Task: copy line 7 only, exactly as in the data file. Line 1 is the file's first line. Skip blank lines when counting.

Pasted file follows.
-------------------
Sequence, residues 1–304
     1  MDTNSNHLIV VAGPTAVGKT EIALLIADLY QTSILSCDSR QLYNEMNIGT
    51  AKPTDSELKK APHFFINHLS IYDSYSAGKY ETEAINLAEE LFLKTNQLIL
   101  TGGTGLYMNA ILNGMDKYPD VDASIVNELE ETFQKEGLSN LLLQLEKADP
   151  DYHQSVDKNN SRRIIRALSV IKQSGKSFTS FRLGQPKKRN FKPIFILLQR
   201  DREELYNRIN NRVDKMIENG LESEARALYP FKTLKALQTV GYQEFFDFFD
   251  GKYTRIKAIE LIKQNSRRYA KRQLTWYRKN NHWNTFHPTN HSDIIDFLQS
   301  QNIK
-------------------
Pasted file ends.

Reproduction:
   251  GKYTRIKAIE LIKQNSRRYA KRQLTWYRKN NHWNTFHPTN HSDIIDFLQS